How to Eat in London

The Gobblers recent Rabelaisian adventures in London produced a piece of measured and in-depth reportage. As usual with pieces of in-depth reportage, however, plenty of stuff got left out. The Gobbler forgot to mention his favorite Indian restaurant (its Pakistani, actually), his favorite outdoor market, his tips for ordering dessert (any dish that includes the word sticky will do), and his secret strategy for not blowing all of your precious cash (there isn't one). So here, in slightly expanded form, are the Gobblers ten rules for eating well in London.

Get yourself an expense account. Owing to the onerous exchange rate, the simple (though very large) steak and kidney pie at St. John's will cost you around 65 bucks. Did we mention that gratuity is always added? On top of that insidious Euro invention, the Value Added Tax?

Avoid all restaurants with doormen wearing top hats. The Gobbler calculates that the presence of one of these gentlemen at the door of any restaurant in London will add roughly 15 percent to your bill. The top hat usually means you are in Mayfair, Belgravia, or some other ridiculously expensive neighborhood.

Eat curry in White Chapel. The viciously delicious dry-meat curry, specifically, at the great Pakistani institution called Tayyabs. The ladies at the table next to the Gobbler were all wearing veils, which did not seem to affect their appetites. There are lots of places like this in Woodside. None are as good.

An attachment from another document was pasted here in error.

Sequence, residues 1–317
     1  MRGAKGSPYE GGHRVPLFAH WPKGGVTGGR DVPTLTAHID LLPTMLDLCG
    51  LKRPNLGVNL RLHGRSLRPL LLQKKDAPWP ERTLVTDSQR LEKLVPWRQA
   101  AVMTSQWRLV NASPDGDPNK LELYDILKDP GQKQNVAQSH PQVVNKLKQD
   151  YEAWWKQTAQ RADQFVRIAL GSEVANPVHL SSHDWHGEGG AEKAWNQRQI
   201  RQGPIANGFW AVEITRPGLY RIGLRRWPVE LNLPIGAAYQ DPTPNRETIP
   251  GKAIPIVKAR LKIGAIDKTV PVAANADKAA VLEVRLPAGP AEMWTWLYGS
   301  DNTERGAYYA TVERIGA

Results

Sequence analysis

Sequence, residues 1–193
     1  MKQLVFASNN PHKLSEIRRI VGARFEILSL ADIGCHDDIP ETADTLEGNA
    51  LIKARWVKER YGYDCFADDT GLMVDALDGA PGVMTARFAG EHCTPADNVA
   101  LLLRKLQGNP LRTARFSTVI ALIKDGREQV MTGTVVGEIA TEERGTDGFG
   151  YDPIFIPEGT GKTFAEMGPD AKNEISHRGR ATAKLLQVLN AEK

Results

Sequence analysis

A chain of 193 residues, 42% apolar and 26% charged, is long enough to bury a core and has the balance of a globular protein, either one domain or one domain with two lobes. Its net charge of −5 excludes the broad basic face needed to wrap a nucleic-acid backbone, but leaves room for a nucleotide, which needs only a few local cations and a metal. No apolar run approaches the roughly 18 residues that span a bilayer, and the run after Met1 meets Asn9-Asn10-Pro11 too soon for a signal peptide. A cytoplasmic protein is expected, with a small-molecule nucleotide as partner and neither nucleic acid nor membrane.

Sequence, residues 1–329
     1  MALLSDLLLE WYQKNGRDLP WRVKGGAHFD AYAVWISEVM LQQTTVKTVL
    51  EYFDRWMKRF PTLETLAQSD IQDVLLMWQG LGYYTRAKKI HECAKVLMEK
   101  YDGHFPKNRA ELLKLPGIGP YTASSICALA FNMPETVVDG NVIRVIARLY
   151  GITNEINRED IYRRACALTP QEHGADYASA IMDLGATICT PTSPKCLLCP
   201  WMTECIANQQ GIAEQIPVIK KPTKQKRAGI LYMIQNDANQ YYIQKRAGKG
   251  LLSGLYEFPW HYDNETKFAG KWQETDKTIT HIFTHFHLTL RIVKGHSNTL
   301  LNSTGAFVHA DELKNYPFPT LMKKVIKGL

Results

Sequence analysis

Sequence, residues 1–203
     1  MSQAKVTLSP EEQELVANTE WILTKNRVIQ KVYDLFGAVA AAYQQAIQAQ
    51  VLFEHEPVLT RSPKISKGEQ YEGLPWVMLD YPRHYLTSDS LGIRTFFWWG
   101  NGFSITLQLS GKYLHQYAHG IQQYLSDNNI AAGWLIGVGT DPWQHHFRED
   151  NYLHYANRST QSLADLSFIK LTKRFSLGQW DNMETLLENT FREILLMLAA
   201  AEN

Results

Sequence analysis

Go to Borough Market. This outdoor market on the south side of the London Bridge makes the Union Square Greenmarket look like an itinerant vegetable stand. You will find toppling towers of Cheshire cheese for sale, ostrich eggs, and ten different varieties of meat pie.

Go to La Gavroche. The grand French restaurants in New York have collapsed, but those in London sail on. This is still the most resolutely Francophile of all. The Gobbler recommends the prix fixe luncheon. With a glass of wine, or two, it will cost you a mere 100 bucks.

Eat plenty of lamb. New Yorkers have their porterhouse, and Londoners have their lamb. The dish comes in myriad forms, all of them usually really good. The Gobbler recommends the deliciously complex lambs belly at Arbutus in Soho. Its crisp-skinned and melty, like good pork belly, but with a more delicate, lamby taste.

Ask for tap. The Gobbler discovered the local water was drinkable (though its reputedly not as fine as New Yorks) only belatedly, after being relentlessly plied with $10 bottles of Hilden and Vittel spa water by nosy waiters.

Consult squaremeal.co.uk, not your trusty Michelin. The information is more practical, more inclusive, and more current, and it will save you a few bucks.

Go to a real gastropub. The Eagle, on Farrington Road, is the mother of them all. There were no menus, originally, and you paid for your lunch before you ate it, just like in the olden days. Its successor, run by the same owners, is the Anchor and Hope, on the South Bank, next to the National Theater.

Save room for dessert. The English have a genius for comforting toffees and creams and cakes. The Gobblers particular favorite: the fresh-baked madeleines at St. Johns, served with a melting quince jelly. Adam Platt

Related: Has the Food Over There Really Become Edible? [NYM]